One Hour of Activity Offsets Eight Hours of Sitting
By now you’ve probably heard about the dangers of uninterrupted sitting. Sitting is the new smoking danger and sitting too long can kill you have been recently featured in news headlines after newer studies found that physical inactivity is literally killing us, resulting in 5.3 million premature deaths worldwide. That statistic means sitting causes as many premature deaths as smoking (worldwide) and twice as many deaths as currently associated with obesity.
Too many sedentary hours in a day is a killer.
A recent Lancet journal report looked at a combination of research trials involving one million individuals. The meta-analysis concluded that you don’t have to necessarily take up sports or join a gym in order to counteract the health implications of sitting for many (eight plus) hours a day. Instead, you can offset the health risks associated with many hours of sitting by engaging in one hour of moderate exercise daily. That translates to a sixty-minute brisk walk, or biking for thirty minutes to and from work. If committing to sixty minutes daily sounds daunting, then even shorter bouts of 25-30 minutes of moderate activity daily will help to limit the risks associated with the long periods of sitting. This is, however, a case of “more is better” with regards to accumulating exercise time.
Considering that there are twenty-four hours in a day, and you sit for one third of those hours and sleep for one third of those hours, committing to one hour of moderate exercise daily is a reasonable goal. You can divide the hour into a 20-minute jog in the morning, a brisk 15-minute walk at lunchtime and a 30-minute class after work hours. What’s most important is to begin to prioritize fitness as a daily habit, especially if you sit in a chair for most of your on-the-job hours.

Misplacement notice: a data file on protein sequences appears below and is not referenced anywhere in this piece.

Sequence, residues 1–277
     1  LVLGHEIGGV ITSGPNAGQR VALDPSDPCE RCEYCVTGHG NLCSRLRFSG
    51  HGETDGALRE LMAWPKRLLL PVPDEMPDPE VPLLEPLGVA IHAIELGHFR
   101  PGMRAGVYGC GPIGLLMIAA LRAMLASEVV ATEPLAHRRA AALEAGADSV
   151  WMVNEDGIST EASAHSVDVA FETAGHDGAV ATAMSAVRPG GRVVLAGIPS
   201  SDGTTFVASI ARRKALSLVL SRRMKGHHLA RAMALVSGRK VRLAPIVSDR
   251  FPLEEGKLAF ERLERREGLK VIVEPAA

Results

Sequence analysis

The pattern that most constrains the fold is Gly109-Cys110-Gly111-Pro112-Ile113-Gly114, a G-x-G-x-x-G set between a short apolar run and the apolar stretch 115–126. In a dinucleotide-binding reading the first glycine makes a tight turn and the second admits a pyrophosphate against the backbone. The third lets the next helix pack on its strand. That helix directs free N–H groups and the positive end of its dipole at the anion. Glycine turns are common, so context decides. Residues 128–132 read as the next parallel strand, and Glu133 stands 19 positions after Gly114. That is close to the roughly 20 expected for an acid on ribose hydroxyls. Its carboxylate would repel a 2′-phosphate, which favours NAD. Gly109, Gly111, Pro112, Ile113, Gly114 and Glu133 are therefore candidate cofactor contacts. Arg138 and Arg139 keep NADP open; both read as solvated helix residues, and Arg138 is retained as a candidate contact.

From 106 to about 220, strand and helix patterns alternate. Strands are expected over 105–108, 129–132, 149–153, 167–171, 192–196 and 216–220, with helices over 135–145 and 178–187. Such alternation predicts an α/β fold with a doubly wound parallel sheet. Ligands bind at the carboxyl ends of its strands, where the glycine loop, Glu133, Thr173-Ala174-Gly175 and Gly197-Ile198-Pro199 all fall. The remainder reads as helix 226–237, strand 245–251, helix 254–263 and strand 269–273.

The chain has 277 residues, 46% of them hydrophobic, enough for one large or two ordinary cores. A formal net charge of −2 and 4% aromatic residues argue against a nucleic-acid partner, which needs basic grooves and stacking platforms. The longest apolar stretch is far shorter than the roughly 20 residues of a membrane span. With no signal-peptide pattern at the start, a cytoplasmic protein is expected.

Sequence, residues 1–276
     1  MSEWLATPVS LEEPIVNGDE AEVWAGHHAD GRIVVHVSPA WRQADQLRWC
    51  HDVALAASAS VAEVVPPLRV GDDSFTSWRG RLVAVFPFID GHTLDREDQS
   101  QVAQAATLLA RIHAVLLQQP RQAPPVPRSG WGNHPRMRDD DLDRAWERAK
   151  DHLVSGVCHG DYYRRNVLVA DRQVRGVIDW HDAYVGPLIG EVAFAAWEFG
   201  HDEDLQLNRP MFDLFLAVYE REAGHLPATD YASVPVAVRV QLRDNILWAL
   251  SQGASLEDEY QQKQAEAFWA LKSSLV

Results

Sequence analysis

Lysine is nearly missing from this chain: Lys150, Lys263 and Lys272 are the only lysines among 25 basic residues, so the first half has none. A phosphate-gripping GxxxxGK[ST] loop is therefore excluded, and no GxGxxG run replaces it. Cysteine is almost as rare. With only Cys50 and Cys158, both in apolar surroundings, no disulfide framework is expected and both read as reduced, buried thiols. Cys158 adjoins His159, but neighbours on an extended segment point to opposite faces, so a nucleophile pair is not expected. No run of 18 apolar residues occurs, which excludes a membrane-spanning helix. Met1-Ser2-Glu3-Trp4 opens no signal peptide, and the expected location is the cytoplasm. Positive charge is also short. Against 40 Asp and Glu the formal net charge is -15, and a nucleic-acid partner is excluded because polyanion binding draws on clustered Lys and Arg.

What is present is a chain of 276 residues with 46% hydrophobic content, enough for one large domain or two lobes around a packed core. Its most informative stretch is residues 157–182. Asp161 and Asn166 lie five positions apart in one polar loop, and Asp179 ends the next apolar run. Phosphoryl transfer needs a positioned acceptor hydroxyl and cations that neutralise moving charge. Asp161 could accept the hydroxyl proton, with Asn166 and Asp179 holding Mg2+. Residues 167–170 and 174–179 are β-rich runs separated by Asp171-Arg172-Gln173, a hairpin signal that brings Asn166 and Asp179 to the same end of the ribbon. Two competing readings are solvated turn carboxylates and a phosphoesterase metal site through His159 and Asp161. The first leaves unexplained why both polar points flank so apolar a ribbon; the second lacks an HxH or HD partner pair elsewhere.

In the recent meta-analysis, the researchers found that the premature mortality associated with prolonged sitting was due to an increased risk of developing heart disease and cancers including breast, colon and colorectal. The lead researcher postulated that prolonged sitting appears to be associated with decreased production of certain hormones, and those lower levels may raise the risk of developing these diseases. The researchers also recommended short bursts of activity to break up many hours of sitting. Remember that even briefly standing periodically will help to also lower blood sugar levels. Just standing up though, does not counterbalance the many health risks associated with sitting for too many hours.
Engaging in playtime and sports time can certainly help you to accumulate your sixty minutes of moderate activity, so get out with your kids and have running races, play football, go swimming or have “walk races.” Just get moving!!